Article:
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    I have spent most of my career working with athletes, be they recreational or elite. They have run the gamut from endurance sports to power sports, and all points in between. Over 12 years…

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    MDT: A Powerful Tool With Athletes PDF Print E-mail
    Written by Administrator   
    Sunday, 25 April 2010

    Roman bronze reduction of Myron's Discobolos, ...I have spent most of my career working with athletes, be they recreational or elite. They have run the gamut from endurance sports to power sports, and all points in between. Over 12 years ago, I completed the highest level of training in the McKenzie Method. Since then, I have been one of the few practitioners worldwide that has been actively applying this approach to a sports population.

    With all of the approaches to care available, especially with athletes, why head down this path?

    First of all, the McKenzie Method has a very intuitive "fit" with an athletic population. First and foremost, the active populace is typically in the "mind set" of self-treatment and training. Athletes, be they recreational or elite, seek treatment methods that are active and patient-centered. These patients are highly responsive to such measures and typically prefer approaches that facilitate "empowerment" and self-treatment.

    The McKenzie Method also provides a great screening process - to understand the mechanical loading strategies, directional preference, and thus safe aspects of training that can be resumed early on in the injury recovery process.

    The sports medicine world is traditionally very "pathology-driven", so my first forays with McKenzie into this world were like speaking a foreign language.

    Conditions such as "iliotibial band syndrome" and "plantar fasciitis" were oftentimes found to be derangements (per McKenzie) that would be considered fast responders. They did not need to be left to the life of seemingly interminable ultrasound, massage, and e-stim treatments that I have witnessed over the years. Contractile dysfunctions required specific mechanical loading for remodeling - not rest and passive modalities. The assessment process quickly establishes responders and non-responders with classification guiding the treatment intervention. Better yet, based on the results of mechanical testing and screening, we can fully understand the mechanical issues limiting their resumption of training, and safely prescribe activities that will allow the athlete to return to training - as soon as possible.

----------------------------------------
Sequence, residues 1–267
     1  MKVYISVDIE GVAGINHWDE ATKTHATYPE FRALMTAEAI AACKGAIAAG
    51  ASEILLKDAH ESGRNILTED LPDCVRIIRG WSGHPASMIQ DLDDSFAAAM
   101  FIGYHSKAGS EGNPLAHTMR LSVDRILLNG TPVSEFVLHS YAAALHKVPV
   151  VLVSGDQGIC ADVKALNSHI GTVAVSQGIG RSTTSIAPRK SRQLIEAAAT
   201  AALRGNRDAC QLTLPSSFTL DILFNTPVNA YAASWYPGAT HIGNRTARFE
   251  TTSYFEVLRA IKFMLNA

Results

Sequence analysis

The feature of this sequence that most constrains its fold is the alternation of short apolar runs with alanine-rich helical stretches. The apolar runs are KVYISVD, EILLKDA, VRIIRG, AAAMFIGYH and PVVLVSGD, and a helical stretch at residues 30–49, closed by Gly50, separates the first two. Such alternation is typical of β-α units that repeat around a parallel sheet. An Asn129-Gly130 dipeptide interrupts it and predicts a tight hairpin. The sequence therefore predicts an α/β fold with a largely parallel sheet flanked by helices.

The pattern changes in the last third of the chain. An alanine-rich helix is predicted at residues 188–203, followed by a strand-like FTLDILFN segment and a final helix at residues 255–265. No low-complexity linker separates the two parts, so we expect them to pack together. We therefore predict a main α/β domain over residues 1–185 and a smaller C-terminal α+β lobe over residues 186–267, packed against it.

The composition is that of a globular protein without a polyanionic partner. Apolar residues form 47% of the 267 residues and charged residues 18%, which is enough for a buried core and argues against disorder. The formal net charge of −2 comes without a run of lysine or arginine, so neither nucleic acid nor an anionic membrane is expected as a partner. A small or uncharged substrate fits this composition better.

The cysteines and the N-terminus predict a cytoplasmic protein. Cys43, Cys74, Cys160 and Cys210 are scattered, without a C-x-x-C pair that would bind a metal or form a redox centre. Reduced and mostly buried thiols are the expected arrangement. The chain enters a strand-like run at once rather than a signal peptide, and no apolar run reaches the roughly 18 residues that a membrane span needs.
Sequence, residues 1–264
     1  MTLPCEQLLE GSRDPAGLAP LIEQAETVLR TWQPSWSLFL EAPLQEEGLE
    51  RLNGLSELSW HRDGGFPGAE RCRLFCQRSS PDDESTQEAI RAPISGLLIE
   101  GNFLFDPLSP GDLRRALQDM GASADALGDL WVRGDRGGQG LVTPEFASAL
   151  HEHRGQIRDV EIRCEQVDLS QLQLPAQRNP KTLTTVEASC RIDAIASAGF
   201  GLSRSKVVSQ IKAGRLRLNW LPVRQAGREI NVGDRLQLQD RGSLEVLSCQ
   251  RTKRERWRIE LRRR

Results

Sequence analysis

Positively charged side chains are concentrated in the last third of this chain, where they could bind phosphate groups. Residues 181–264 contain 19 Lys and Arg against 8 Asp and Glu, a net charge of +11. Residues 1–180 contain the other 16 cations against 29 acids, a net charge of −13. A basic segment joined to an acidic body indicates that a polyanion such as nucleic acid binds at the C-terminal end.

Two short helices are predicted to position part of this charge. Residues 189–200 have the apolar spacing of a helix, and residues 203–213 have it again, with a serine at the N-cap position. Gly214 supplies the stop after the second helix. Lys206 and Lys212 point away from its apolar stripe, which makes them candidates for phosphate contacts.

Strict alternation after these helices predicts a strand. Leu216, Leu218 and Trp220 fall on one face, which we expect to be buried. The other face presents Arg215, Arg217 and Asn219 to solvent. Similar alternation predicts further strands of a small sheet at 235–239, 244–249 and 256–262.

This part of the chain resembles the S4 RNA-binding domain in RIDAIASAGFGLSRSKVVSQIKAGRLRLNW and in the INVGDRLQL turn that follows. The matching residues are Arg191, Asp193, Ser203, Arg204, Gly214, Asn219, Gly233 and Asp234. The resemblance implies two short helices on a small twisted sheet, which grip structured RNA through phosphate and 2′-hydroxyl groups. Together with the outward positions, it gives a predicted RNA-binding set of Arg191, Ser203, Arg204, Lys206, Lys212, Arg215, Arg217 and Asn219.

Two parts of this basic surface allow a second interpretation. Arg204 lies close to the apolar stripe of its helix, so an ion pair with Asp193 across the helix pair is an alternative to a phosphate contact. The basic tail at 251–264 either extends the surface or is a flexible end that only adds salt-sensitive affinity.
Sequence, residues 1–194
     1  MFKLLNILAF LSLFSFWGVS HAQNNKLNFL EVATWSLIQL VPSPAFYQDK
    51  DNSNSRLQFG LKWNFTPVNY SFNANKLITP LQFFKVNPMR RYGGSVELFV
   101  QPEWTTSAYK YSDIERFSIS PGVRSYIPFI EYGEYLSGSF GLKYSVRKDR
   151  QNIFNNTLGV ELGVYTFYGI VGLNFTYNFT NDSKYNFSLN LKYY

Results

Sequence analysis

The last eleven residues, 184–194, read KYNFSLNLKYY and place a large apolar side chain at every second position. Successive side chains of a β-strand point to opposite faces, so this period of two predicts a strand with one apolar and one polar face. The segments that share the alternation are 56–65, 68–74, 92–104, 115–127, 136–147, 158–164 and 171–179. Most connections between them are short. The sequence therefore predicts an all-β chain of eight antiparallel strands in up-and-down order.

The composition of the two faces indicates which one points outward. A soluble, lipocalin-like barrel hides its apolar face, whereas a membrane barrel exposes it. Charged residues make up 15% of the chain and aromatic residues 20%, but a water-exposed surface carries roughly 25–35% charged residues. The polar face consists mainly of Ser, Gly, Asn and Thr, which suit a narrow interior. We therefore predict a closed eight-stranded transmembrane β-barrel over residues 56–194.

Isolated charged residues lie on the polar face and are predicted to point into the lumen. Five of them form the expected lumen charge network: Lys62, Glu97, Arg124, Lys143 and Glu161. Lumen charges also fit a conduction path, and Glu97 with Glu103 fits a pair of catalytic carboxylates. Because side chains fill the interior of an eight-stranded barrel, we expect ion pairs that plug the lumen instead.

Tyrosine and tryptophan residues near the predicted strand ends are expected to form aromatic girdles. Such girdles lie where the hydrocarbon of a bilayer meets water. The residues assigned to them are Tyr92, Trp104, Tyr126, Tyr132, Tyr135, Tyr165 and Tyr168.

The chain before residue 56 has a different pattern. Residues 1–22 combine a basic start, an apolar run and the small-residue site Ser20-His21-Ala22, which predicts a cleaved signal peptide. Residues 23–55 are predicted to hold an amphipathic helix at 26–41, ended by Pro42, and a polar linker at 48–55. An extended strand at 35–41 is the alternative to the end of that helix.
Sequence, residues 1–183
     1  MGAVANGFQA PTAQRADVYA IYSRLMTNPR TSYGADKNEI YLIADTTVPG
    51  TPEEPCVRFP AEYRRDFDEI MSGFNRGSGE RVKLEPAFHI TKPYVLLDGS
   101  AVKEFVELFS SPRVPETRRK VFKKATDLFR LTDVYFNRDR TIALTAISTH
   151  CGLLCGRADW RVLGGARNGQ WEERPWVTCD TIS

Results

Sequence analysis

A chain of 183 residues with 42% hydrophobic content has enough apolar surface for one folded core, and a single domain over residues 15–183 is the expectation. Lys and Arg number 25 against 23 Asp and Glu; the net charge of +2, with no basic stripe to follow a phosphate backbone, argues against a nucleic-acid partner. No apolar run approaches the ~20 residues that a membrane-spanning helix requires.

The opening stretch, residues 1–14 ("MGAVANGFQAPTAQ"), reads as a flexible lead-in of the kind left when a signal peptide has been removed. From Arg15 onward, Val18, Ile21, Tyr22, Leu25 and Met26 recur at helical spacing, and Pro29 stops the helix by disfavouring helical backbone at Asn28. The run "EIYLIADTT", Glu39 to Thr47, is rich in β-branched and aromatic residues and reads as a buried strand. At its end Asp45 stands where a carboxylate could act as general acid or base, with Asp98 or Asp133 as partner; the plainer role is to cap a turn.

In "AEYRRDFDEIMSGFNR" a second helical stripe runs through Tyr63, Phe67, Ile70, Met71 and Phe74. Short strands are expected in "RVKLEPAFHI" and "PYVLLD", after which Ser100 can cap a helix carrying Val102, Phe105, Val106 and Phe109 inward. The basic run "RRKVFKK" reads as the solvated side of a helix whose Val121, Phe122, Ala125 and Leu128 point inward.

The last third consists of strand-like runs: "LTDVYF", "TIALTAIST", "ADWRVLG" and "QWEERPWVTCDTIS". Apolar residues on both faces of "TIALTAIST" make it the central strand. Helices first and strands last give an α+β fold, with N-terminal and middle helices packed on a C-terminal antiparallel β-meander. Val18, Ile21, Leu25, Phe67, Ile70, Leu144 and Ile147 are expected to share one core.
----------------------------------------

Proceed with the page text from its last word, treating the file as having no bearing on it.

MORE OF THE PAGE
The beauty of working with a sports population is that sport technique is defined by a combination of sustained postures and repeated mechanical loading - the very things that we would examine in a mechanical assessment. It's all in their training history! Training may involve many hours of repetitive mechanical loading, oftentimes with the additional component of axial loading. Over time, there is the added effect of fatigue on sport biomechanics (i.e.running). With sport training demands, you have the potential for mechanical disorders related to sustained positioning and/or repetitive mechanical loading.

    The reality is that most athletes that we see in a clinical environment are of the recreational variety. The majority maintain occupations that are the basis for their day. The difficulty is that oftentimes they will become victims of "day affects play" - the impact of their daily work activities on sport. Imagine a computer programmer (who is also training for a marathon) who spends eight to ten hours of his/her work day sitting in sustained end range position of the cervical spine. After work, the person does their training - with the expectation of taking this chronically flexed spine and having his/her body undergo repeated mid/end range extension (depending on the running pace). Is it the running that causes their cervical or lumbar pain? Or is it the tissue creep with the sustained flexion of their work activities? Do they need to stop running as they have been told countless times before? Or do they simply need to alter their daily activities?

    The mechanical assessment not only guides treatment - it provides the basis for effective sports injury prevention as well. The concepts used in establishing a mechanical diagnosis will ultimately aid in keeping the athlete healthy and injury-free. Having an understanding of the sport and the biomechanics required for optimal technique will assist the clinician in not only uncovering the types of loading that may have contributed to the injury but also the appropriate prevention of injury and overall optimization of human performance.

    The use of MDT, especially as an assessment process, is highly appropriate to integrate into a more effective and intuitive sports medicine paradigm. MDT is a functional approach to sports injuries as it involves dynamic movements as part of the assessment process and implements patient-centered self-treatment strategies. When used in conjunction with knowledge of the effect of mechanical loading strategies on the athlete's sport technique and biomechanics, Mechanical Diagnosis and TherapyT is a powerful tool in the assessment, screening, treatment, and prevention of athletic injuries.

    Note: The content of this post originally appeared in the "MDT Bulletin of the McKenzie Institute Americas Region". The full article can be found here. Further information on the McKenzie method can be found at http://www.mckenziemdt.org.

    Photo credit: Wikipedia

    Tags:  McKenzie sport injury
    Last Updated ( Sunday, 25 April 2010 )
     
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